Jams & Jellies, Preserving, Recipes

Strawberry Rhubarb Jam

Strawberry Rhubarb Jam (1)

The combination of strawberry and rhubarb is nothing short of genius. Food needs to be balanced–salty, sweet, spicy, tart. The combination of sun warmed fresh strawberries and blood-red crisp rhubarb is the ultimate combination of sweet and tart. For me , it’s the perfect dessert. I LOVE dessert and would never skip it if I could. BUT, I’m also not a fan of super sweet things. I stay away from many pies, often laden with extra sugar. While a small square of dark chocolate is perfectly satisfying, I want nothing to do with milk chocolate. Strawberry rhubarb pie is pretty much my ideal dessert. But of course, its something only so perfect in season. A strawberry rhubarb pie in winter, filled with California strawberries and rhubarb from who knows where just isn’t the same. When I can’t enjoy something fresh year round, I preserve it. And my beloved pie now takes the form of jam.

I shared pictures of this recipe last year, but never actually shared the recipe. Pretty rude, I know. This jam is literally pie in a jar. Some days you’ll want to forget all about the toast or bagel you intended it for and just eat spoonfuls right out of the jar. Don’t worry, I’m guilty of it too. While most of my jam production is small batch, this one is in bulk. I must have canned a dozen jars last year. This year I only made 6 jars but there’s still time. Each trip to the greenmarket guarantees at least 2 quarts of strawberries ($6 each or 2 for $10), sometimes more. And while every week I’m convinced this is the perfect rhubarb, the next week it’s there again–brighter, bigger and crisper.

What I love most about this jam is its purity. No pectin, just fruit, lemon juice and a bit of sweetener. Sure, you could pack it full of sugar, but why? This recipe relies on honey as a sweetener. Chopped strawberries macerate for hours in honey, drawing out its natural juices and sugars. The rhubarb then comes in with its puckering tartness to balance everything out.Because the strawberries need to sit for so long, I highly recommend making the full recipe or even doubling it. The prep work might seem a bit exhausting at first, but after tasting the final product, you’re going to regret only having 6 jars. It’s a jam that you will no doubt have any trouble consuming. And if you do go with a small batch, keep it a secret. Otherwise you’ll have family, friends and neighbors lined up outside your home, begging for a jar.

Strawberry Rhubarb Jam (4)Strawberry Rhubarb Jam (Adapted from Preserving Summer’s Bounty) Makes 6 half-pints

  • 6 c strawberries, coarsely chopped
  • 1 3/4 c honey, divided
  • 6 c rhubarb, chopped into 1/2-inch pieces
  • 5 tbsp bottled lemon juice

Place strawberries in a large bowl and add 1/2 c honey. Mix well. Let strawberries macerate at room temperature for at least 4 hours or overnight. If letting sit overnight, you can do this in the fridge, just bring to room temperature before using.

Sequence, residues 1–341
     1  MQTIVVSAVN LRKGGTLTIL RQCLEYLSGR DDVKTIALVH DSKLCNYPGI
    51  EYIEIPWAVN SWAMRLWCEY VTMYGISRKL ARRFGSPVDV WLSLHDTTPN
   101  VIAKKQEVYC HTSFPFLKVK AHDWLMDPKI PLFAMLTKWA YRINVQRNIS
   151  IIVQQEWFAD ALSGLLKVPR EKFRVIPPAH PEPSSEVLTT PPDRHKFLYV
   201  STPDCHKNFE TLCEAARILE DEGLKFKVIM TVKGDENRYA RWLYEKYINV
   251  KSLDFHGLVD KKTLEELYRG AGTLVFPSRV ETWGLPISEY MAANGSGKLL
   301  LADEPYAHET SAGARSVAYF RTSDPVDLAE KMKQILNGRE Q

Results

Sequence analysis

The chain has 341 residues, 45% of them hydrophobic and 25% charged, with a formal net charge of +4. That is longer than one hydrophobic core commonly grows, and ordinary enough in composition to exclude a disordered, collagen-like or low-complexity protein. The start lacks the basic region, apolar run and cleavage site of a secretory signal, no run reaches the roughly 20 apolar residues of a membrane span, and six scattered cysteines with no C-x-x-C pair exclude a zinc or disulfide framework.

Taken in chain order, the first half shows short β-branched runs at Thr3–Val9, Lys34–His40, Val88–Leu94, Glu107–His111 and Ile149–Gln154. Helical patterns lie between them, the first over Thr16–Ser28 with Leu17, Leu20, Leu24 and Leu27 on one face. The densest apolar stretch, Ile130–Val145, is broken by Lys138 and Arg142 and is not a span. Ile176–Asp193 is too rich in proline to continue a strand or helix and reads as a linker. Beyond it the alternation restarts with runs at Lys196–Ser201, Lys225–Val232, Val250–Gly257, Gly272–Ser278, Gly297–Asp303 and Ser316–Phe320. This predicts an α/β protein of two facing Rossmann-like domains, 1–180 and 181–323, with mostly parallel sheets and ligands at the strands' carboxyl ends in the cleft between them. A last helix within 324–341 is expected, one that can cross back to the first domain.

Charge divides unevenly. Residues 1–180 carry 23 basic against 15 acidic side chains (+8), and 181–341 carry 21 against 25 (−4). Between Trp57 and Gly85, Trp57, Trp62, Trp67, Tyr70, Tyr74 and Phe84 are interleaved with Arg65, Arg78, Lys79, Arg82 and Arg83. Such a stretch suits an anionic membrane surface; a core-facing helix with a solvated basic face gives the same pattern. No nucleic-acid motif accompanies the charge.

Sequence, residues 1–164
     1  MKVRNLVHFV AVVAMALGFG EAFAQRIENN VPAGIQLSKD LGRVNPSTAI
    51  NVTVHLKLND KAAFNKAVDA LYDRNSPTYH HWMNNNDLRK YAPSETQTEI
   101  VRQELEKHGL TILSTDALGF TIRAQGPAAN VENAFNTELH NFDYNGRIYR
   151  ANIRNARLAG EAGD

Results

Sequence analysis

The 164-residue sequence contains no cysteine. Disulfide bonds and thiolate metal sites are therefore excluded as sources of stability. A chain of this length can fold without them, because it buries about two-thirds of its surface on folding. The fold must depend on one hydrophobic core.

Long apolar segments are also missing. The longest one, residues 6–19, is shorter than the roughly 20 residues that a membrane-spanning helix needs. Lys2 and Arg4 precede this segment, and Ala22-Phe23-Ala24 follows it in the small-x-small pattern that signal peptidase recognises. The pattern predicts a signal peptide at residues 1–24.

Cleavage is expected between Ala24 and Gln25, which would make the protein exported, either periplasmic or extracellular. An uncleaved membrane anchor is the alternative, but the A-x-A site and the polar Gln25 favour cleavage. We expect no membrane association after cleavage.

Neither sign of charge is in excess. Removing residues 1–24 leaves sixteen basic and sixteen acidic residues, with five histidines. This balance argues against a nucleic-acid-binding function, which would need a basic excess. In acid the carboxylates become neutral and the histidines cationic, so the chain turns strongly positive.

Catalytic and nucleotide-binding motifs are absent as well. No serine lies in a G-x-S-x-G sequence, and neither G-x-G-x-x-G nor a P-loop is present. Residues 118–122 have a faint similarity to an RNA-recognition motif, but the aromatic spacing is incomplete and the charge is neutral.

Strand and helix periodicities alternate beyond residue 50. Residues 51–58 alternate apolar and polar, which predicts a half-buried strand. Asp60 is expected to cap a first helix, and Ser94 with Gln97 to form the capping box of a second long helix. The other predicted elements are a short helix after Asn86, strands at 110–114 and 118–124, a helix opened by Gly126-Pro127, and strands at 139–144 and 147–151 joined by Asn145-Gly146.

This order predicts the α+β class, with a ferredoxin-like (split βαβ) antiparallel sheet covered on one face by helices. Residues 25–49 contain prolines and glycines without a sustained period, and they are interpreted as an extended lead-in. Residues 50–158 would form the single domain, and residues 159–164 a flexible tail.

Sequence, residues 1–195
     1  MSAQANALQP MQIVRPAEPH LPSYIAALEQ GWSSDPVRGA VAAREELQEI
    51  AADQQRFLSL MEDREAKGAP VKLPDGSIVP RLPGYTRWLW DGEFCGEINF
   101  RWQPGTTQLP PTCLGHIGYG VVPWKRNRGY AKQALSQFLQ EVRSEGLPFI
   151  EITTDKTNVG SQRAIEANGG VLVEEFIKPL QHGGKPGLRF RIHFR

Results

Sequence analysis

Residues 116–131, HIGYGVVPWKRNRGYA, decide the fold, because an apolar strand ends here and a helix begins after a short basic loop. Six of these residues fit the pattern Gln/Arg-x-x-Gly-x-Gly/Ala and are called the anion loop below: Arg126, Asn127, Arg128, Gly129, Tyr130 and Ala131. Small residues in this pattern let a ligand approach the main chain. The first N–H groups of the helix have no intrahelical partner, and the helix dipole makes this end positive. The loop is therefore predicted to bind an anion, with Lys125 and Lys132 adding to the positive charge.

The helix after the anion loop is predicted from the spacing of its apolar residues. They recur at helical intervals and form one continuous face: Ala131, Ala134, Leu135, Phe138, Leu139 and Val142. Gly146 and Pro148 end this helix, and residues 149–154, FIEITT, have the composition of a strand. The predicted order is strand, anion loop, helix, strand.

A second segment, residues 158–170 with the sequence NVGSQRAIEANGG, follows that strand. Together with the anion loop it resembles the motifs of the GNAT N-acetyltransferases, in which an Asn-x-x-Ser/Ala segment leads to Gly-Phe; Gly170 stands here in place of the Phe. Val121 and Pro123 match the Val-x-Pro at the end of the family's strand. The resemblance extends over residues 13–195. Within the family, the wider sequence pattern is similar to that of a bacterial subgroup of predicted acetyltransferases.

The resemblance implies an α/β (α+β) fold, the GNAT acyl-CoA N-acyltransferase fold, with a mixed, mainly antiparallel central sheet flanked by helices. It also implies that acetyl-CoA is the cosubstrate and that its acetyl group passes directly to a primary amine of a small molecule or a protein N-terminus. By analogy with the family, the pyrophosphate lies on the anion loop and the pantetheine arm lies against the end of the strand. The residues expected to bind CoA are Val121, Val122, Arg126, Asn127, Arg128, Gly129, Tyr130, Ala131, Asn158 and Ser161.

Strawberry Rhubarb Jam (3)In a large saucepan or dutch oven, combine strawberries and their juices, rhubarb, lemon juice and remaining honey. Slowly bring to a boil, breaking down fruit with the back of a wooden spoon.

Strawberry Rhubarb Jam (5)Allow to boil rapidly for 20-25 minutes, stirring frequently so the bottom doesn’t burn. The mixture should become thick and fruit should be mostly broken down but still slightly chunky. Remove from heat and skim off foam.

Strawberry Rhubarb Jam (2)Ladle jam into hot, sterilized half-pint jars, leaving 1/4-inch headspace. Process in a boiling water bath for 15 minutes. Will last for up to 1 year, if you can manage to keep it that long.

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18 thoughts on “Strawberry Rhubarb Jam”

    1. Thanks! It is truly addictive. I can most jams in 4oz jars, just because we can’t go through it fast enough, but an 8oz jar of this one is gone in days. Let me know what you think!

    1. I was surprised to learn that strawberries and rhubarb don’t grow together. Rhubarb is just a little earlier so really there’s only a tight window to get both. But we’re pretty lucky with our greenmarkets, having farms from upstate NY, NJ and even PA, so the season lines blur a bit. I’m still seeing plenty of strawberries but the rhubarb is starting to die out a bit.

  1. Made several pints of this last year. Today I’m making a supply for “hopefully” another year. It’s delicious made with honey from my hives, and strawberries and rhubarb from the garden. My favorite is a spoonful on top of my homemade yogurt. YUMM!!!

    1. Sounds delicious! I have access to local honey, but not my very own honey. So jealous. I hope to make some this weekend or next. The strawberries at the market last weekend were a bit pricey and shabby looking.

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